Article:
Whisper of time - never come back by Artist Sun Yue
Whisper of time - fly away by Artist Sun Yue
The dandelion flowers bloom and are gone in an instant, as represented by the artist Sun Yue in her work Whispers of time – fly away and never come back. At the opening ceremony of the exhibition, there was a performance Whispers of time – fly away by Sun Yue, who picked up a bunch of dandelion seeds from one end of a bench that was cut in half, and passed the seeds down to other people. As the seeds were passed down from one to another, they were gradually gone. The performance will be live recorded as a film to be repeatedly played in the exhibition hall. While her other work Whispers of time – never come back, depicting dandelion flower stems with seeds all gone, is represented by the white porcelain-made dandelion on the other half of the bench. It’s just like what Sun Yue said: “I use china clay and plants to visualize the passing of time.” Her other two installation works Waiting and Meanwhile also explore such theme with flowers, green plants, and porcelain, which respectively depicts the withering process of white roses vs. the never-changing porcelain roses, and the increasingly luxuriant loosestrifes vs. the unfired porcelain clay flowers with watering. They all start at the beginning of the exhibition to display the power of time.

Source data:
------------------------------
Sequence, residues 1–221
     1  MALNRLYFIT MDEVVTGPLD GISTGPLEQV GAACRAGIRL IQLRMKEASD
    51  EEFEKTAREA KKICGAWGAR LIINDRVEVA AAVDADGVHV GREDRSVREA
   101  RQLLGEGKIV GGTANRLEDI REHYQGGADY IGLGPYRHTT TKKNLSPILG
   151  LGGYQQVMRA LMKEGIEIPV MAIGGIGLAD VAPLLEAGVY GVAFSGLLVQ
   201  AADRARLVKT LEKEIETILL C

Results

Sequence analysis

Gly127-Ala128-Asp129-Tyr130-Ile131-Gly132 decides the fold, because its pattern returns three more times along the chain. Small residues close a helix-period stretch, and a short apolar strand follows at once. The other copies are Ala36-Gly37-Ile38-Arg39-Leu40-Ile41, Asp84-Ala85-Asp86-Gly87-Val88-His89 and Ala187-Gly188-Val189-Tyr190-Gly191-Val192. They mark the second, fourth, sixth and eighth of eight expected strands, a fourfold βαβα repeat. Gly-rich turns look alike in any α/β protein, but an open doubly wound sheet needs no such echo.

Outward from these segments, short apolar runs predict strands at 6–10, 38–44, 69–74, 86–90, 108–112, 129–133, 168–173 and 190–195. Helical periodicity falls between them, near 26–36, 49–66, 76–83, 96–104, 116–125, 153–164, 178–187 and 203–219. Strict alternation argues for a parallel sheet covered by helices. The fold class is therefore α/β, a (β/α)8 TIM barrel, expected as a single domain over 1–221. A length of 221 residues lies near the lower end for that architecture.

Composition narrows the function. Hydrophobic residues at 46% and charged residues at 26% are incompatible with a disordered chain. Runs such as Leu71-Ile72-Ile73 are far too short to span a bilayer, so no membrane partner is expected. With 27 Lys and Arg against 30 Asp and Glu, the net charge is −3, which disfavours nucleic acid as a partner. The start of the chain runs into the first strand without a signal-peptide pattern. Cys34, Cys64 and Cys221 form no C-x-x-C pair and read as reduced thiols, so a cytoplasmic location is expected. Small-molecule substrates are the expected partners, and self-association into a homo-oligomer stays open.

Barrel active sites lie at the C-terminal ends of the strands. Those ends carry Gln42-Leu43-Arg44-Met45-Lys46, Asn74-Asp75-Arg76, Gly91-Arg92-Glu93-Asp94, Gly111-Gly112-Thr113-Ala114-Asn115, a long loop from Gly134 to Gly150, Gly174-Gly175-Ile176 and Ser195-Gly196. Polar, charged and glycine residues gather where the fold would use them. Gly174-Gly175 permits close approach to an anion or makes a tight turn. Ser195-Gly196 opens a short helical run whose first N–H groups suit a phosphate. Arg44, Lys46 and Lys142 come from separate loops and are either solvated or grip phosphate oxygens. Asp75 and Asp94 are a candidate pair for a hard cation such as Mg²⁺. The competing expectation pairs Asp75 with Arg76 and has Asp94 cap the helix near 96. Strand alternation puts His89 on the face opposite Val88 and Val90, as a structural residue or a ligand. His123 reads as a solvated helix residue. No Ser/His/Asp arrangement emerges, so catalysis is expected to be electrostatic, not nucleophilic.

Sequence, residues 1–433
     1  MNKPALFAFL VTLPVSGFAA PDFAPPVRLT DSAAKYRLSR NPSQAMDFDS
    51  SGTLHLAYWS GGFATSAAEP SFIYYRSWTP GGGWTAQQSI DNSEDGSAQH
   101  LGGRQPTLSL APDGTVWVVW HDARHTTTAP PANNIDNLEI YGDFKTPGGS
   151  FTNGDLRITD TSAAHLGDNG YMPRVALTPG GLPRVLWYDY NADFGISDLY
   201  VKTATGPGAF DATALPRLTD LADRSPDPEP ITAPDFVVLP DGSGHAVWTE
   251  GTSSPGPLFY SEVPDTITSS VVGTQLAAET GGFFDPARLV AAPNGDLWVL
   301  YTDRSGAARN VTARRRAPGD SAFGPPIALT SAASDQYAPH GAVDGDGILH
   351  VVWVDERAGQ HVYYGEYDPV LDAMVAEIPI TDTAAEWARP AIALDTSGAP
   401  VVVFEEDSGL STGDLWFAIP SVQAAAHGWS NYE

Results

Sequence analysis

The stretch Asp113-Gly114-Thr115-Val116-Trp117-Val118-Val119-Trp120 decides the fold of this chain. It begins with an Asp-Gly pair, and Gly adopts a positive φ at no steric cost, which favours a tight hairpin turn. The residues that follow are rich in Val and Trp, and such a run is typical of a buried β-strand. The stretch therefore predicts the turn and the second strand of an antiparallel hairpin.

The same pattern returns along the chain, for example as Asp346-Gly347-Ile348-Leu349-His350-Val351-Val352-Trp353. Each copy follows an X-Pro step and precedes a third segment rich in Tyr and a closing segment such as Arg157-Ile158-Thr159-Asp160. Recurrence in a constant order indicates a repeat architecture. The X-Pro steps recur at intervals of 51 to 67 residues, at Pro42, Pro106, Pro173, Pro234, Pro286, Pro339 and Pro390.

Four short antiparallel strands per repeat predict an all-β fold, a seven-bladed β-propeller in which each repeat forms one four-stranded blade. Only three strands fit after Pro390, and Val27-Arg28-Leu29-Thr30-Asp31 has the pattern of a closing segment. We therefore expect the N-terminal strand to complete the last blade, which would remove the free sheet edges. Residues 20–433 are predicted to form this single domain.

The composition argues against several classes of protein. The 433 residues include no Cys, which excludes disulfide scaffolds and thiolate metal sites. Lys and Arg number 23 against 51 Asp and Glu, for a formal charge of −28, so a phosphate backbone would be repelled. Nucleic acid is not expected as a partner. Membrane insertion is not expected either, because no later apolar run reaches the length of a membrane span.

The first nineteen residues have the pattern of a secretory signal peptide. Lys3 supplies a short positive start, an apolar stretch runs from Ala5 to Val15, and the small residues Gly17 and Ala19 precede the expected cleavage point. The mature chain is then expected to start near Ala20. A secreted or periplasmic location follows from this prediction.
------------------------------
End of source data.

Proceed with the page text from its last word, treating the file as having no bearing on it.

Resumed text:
Xu Bing’s work American Silkworm Series 3: The Opening also explores the theme of nature, life and time. It displays a bouquet of mulberry leaves consumed by silkworms, changing from lush green to bare branches with golden and silver silkworm cocoons. Liang Shaoji’s photographic works Butterflies, The Snow Butterfly, and Silk Shadow exhibit at the same time also continue to center around time and life, and explore the interaction with nature in the form of silkworm’s life. While Xu Xinhua uses porcelain as a medium, his Life Museum-Flowers series mix sunflowers, roses, lilies and other flowers in china clay and burns them at high temperature, to represent life returning to the soil and keep their traces. Nobuyoshi Araki’s Lust Flowers series of photographs use acrylic paint to color petals, making the withered flowers immortal in bright colors. Thanks to the artist’s keen perspective, rich imagination and unique expression, the nature life appears to be independent of time.
Noblesse Hybridige series by Cody Choi
Future Herbarium series by Laurent Grasso